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(MCT)—Pots of pretty spring-flowering bulbs can be part of your home’s indoor and outdoor decor, with or without a yard.

It’s all about the planting method you choose this fall.

For the holidays and wintertime cheer, you can force potted bulbs into early bloom, and use them for decorations or give them as cheery gifts.

Or, you can plant bulbs in large containers with ample drainage holes, place them outdoors where they won’t freeze and wait for the color show to happen early 2012.

“When plants are in containers, the color can be moved around where it’s needed,” says Becky Heath of Brent and Becky’s Bulbs, a mail-order bulb warehouse in southeastern Virginia.

“Sometimes, they can be put in the garden, other times on the deck or on either side of the front door. They can even be used as table decorations.

“When they stop blooming, the bulbs can be planted in empty spots in your garden.

“If you don’t have a garden, you can recycle them by giving them to a school, church, library or a friend.”

Forcing Bulbs into Bloom

Most spring-flowering bulbs can be forced by following a few small steps, according to Heath.

“Just remember that horticulture is not an ‘exact science,’ and that temperature, humidity, light and even refrigerators can sometimes be different, giving different results,” she says.

“Fortunately, plants can be forgiving of imperfect humans—just relax, experiment and enjoy.”

– Using pots with drainage holes in the bottom, place the bulbs in a pot three-fourths filled with potting soil; cover necks of bulbs with 1 inch of soil or gravel. Potting soil should be a coarse growing mix, which is available at your local garden center.

– Water pots and allow them to drain.

– Place in a cool area—about 50-60 degrees Fahrenheit for one to two weeks until fully rooted. Then, reduce temperature to 35-45 degrees for 12-16 weeks. There are a variety of ways and means to achieve this cool period, including:

a. In a refrigerator, an old-fashioned one is best, however if frost-free, place pot in it in the hydrator. Take out any ripening vegetables or fruit, because they will produce ethylene gas, which may cause bulbs to abort their blooms — or better still, use the “beer fridge” in the garage.

b. In a foam cooler in an unheated garage. The cooler keeps the bulbs at a relatively constant cool temperature — or in a garbage bag or box surrounded with foam peanuts

c. Buried outside under a high pile of leaves/mulch — at least 6-10 inches deep—preferably on the north side of a building in the shade.

– Check on the inside pots every other week. If soil appears very dry, you may want to water lightly. When sprouts begin forming on top, they should be about ready to be brought into the forcing environment.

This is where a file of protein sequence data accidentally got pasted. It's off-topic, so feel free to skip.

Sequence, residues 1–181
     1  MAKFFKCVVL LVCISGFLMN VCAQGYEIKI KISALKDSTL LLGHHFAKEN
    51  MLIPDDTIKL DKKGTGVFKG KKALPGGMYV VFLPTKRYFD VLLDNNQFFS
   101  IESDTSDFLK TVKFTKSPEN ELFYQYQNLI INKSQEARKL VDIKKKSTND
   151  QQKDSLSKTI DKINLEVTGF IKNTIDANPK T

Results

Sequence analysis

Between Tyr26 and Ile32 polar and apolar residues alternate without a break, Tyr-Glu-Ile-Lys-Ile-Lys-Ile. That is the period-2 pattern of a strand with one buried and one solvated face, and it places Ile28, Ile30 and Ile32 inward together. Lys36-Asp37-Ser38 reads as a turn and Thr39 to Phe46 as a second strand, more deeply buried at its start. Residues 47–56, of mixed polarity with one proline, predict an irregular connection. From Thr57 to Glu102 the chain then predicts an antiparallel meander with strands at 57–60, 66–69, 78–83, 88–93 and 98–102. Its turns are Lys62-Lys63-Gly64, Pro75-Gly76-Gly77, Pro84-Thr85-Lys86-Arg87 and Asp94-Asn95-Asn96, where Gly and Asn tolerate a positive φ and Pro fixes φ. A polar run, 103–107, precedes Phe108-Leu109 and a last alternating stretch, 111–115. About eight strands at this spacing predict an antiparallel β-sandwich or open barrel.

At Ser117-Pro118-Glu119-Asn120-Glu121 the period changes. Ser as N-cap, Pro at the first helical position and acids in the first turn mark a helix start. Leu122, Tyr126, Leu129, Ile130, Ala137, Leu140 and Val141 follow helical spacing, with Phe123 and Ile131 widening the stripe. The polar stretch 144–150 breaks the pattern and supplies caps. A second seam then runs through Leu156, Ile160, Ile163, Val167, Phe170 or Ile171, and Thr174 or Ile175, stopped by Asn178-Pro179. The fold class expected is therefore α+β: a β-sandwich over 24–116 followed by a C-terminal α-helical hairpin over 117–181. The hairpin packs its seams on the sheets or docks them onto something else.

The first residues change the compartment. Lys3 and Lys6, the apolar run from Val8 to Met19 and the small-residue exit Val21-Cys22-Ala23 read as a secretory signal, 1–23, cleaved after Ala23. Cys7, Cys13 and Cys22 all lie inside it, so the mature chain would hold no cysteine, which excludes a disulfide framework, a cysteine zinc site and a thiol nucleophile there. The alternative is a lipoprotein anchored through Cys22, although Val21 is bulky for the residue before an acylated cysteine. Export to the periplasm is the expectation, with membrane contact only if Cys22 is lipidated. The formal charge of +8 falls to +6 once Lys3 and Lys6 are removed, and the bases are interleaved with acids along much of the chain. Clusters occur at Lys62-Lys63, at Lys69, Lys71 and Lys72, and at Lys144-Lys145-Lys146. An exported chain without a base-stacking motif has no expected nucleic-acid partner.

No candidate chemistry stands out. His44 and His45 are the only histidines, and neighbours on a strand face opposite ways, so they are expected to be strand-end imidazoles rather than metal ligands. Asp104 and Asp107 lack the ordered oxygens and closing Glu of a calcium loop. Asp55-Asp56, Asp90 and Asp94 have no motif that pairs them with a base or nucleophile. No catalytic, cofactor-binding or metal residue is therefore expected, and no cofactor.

– If you are forcing bulbs for fun, just put the pots in a sunny location where you can enjoy them while they bloom. This should take anywhere from two to four weeks. Water only as needed, making sure not to drown them.

– For those who need blooms on a specific date, there is a little more work to do. To control the rate of growth, you must take into account:

a. Light. During fall, winter and early spring, there is less light than what the bulbs want. You should supply additional cool light in the form of fluorescent or ‘grow lights’ very close, within 1 foot, of the merging foliage. This prevents the plant from getting too tall and eliminate the need for staking.

b. Bottom heat. Bulbs grow faster if bottom heat is applied. Ideally, potted bulbs should be placed on heating mats, available from greenhouse suppliers. If not available, a food warmer, refrigerator top or freezer top can be used, just as long as some heat is produced. A cool environment 50-60 degrees F. is the ideal room temperature.

– If foliage and blooms appear to be maturing too quickly, take them away from the bottom heat, and place them in a cooler environment but keep the light plentiful.

-When they have finished blooming, continue to water as a houseplant. When spring arrives and there is no longer danger of hard freeze —below 25 degrees F—they can be planted outside, bulbs, roots and all, in the garden.

Or, if you bought bulbs already pre-cooled dry (without the pot and soil), pot them just as soon as you receive them because the pre-cooling effect lessens each day they are out of the cooler. Once potted, water well and let drain. Then, put them in a dark 50-60 degree F. area for a couple of weeks to encourage the roots to develop. Once rooted, you may bring them out to a sunny location, following the suggestions above.

©2011 the Daily Press (Newport News, Va.)